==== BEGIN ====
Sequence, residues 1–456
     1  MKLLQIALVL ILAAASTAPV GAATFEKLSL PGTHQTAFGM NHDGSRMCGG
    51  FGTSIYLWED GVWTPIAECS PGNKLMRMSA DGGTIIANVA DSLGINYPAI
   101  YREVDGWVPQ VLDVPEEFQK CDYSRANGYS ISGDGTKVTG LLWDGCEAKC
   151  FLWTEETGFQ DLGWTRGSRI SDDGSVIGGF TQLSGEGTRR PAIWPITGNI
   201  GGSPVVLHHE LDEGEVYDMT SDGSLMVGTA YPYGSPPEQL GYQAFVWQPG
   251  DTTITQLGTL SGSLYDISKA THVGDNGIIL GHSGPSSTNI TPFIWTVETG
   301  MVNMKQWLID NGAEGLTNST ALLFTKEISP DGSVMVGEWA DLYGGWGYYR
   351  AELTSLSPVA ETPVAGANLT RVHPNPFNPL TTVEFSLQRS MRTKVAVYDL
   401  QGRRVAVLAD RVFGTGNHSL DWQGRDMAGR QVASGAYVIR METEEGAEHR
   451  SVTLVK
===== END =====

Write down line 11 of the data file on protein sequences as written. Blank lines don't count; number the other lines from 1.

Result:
   451  SVTLVK